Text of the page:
In general, the active part, consisting of the leaves, is used in traditional Chinese medicine in the treatment of infections, inflammation, colds, fever and diarrhea.
Its properties have been confirmed by several studies and can be considered a valid support also in association with conventional therapies, for respiratory tract infections.
This plant has a dual action: both immunostimulating and useful as a prevention, while at higher dosages its anti-inflammatory action is accentuated. Useful in case of rheumatoid arthritis. It is a bitter, choleretic, immunostimulating, hepatoprotective, antipyretic, anti-inflammatory, antiplatelet, antioxidant, anthelmintic, antiviral tonic.
It is useful in case of: Bacterial and viral infections of the first tracts of the respiratory tract and reduction of the associated fever; prevention of colds and pharyngotonsillitis; prevention of urinary tract infections after shock wave lithotripsy; Enteric infections.
The most important active ingredient is a terpene lactone: andrographolide. The absorption of this substance in humans is rapid and reaches the maximum plasma concentration after about 2 hours, persisting in the circulation for about ten hours.
The best known characteristic of Andrographis paniculata is its hepatoprotective property, useful in association with other phytocomplexes for the protection and stimulation of a physiological liver activity.
Some clinical studies on Andrographolide, demonstrate the ability to increase the activity levels of antioxidant enzymes and Glutathione and to decrease the activity of lipid peroxidase which leads to the generation of free radicals that damage cells.
Andrographolide strengthens the defenses of our body by increasing the number of T lymphocytes, enhances the release of antiviral interferon, stimulating the activity of the lymphatic system which is the seat of our defense system.
Andrographolide also has antiviral properties against herpes simplex and HIV.
Among the warnings remember not to use in pregnancy. Those suffering from ulcers or gastritis should take the extracts on a full stomach to avoid any worsening of “stomach pain”
As for the composition and active ingredients of Andrographis paniculata, the major constituent is Andrografolide, in addition to other polyphenols and flavonoids. This bitter-tasting molecule was isolated in pure form by Gorter in 1911.
Other constituents include:
– 14-Deossi-11-dehydroandrografolide, in the plant;
– 14-Deossi-11-oxoandrografolide, in the plant;
– 5-Hydroxy-7,8,2 ‘, 3′-Tetramethoxyflavone, in the plant;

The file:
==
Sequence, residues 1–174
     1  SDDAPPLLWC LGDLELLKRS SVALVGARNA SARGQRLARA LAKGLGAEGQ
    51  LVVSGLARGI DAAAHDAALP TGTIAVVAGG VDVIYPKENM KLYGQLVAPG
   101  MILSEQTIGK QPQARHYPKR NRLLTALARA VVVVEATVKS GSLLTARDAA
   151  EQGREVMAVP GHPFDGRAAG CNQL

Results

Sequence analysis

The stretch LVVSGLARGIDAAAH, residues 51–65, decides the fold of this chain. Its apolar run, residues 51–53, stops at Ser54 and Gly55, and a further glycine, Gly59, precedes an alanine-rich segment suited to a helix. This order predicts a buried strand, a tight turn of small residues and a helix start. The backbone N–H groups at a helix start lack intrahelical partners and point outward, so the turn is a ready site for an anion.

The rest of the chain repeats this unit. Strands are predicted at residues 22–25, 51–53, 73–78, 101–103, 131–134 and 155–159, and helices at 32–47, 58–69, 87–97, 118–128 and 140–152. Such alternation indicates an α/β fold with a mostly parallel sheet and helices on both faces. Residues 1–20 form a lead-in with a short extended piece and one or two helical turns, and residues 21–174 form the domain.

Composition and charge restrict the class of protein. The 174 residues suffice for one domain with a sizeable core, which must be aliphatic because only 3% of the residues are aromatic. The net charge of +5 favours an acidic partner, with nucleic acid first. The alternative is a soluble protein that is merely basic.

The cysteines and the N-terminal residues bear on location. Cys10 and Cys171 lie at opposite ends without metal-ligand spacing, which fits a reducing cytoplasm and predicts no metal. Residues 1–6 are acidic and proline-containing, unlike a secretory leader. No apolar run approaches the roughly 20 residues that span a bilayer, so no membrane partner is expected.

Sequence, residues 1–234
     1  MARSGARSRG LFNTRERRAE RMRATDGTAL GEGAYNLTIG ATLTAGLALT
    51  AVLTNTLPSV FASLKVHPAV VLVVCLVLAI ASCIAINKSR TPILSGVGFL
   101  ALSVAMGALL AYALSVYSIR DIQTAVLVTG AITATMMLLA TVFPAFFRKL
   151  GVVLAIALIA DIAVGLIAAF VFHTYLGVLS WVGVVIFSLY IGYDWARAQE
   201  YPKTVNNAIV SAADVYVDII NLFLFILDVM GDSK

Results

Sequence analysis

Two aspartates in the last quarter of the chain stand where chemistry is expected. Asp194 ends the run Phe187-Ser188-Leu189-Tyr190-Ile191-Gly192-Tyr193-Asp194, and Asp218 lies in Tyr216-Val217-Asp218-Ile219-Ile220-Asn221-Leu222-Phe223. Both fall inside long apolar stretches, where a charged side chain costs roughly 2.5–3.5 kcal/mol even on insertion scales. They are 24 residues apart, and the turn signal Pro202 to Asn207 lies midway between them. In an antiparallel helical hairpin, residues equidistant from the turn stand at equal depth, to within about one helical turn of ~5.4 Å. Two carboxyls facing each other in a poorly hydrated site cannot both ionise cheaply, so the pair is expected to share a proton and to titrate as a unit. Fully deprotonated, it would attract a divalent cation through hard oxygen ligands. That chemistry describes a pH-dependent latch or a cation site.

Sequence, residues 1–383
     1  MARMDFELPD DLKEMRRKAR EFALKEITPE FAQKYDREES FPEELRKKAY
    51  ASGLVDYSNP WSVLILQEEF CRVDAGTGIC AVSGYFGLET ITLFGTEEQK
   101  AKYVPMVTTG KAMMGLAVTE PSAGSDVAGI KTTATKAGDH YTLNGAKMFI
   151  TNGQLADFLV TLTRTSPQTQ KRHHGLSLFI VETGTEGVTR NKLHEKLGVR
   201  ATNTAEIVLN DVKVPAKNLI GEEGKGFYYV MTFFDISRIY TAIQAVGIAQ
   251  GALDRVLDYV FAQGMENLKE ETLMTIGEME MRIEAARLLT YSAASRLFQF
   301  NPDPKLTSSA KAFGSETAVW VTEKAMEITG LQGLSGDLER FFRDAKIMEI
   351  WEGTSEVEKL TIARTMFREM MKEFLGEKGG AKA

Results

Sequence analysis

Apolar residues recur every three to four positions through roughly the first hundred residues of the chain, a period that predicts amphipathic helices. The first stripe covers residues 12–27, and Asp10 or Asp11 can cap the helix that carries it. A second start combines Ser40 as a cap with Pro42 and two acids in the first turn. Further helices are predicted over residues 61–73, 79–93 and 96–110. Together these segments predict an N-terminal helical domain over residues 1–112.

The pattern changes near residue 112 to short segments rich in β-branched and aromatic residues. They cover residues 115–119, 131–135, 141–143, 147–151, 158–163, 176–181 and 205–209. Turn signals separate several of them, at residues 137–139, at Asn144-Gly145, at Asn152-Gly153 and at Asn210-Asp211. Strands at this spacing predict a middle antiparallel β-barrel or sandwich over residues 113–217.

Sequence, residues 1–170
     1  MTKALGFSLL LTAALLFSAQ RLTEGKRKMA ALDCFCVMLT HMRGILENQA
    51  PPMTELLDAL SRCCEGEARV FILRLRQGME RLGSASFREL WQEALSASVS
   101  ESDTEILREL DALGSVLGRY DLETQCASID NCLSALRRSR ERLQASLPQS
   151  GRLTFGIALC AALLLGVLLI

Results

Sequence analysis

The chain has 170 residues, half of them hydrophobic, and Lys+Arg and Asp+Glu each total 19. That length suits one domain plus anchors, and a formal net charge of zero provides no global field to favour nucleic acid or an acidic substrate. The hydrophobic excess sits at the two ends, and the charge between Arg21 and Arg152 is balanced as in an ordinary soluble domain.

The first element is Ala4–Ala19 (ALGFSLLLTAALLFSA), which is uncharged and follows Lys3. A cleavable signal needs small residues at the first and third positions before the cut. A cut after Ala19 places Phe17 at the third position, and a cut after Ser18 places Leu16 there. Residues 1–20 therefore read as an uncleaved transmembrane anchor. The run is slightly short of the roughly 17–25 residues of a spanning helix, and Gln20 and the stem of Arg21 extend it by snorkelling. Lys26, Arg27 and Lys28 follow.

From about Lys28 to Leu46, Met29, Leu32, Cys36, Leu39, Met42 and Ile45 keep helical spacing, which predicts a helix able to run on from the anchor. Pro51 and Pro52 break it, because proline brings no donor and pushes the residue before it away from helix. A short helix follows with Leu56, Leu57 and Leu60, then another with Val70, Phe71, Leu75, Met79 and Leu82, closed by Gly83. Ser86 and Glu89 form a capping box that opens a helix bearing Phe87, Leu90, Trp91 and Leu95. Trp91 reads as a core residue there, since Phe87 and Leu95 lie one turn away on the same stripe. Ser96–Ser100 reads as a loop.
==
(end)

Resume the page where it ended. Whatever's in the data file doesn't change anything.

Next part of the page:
– 5-Hydroxy-7,8,2’-Trimethoxyflavone, in the tissues;
– Andrografine, in the root;
– Andrografolide, in the plant;
– Neoandrografolide, in the plant;
– Panicolina, in the root;
– Paniculide-A, in the plant;
– Paniculide-B, in the plant;
– Paniculide-C, in the plant.

Method of Preparation –
For the use of the potential of this plant there are commercially available standardized preparations in tablets, which contain 5.25 mg of andrographolide and dioxiandrografolide; generally it is recommended to take 4 tablets 3 times a day. For the powder, the dose is no more than 2 grams per day.
The infusion is prepared with 5 g of the product left to infuse for fifteen minutes in 250 mg of water, then it is filtered and drunk once a day.
In Asian countries a tea is also prepared, (prepared as a prolonged infusion), with the leaves and from the caule of the plant, which is consumed in the measure of 1-4 ml per day and a tincture, in the measure of 2.5-5 ml per day.
Among the contraindications, it should be remembered that its use can cause minor side effects that disappear with the suspension of treatment. Headaches, tiredness, gastrointestinal complaints and a bitter / metallic taste in the mouth can occur.

Guido Bissanti

Sources
– Acta Plantarum – Flora of the Italian Regions.
– Wikipedia, the free encyclopedia.
– Treben M., 2000. Health from the Lord’s Pharmacy, Tips and experiences with medicinal herbs, Ennsthaler Editore
– Pignatti S., 1982. Flora of Italy, Edagricole, Bologna.
– Conti F., Abbate G., Alessandrini A., Blasi C. (edited by), 2005. An annotated checklist of the Italian vascular flora, Palombi Editore.

Warning: Pharmaceutical applications and alimurgical uses are indicated for information purposes only, they do not in any way represent a medical prescription; therefore, no responsibility is accepted for their use for healing, aesthetic or food purposes.



Leave a Reply

Your email address will not be published. Required fields are marked *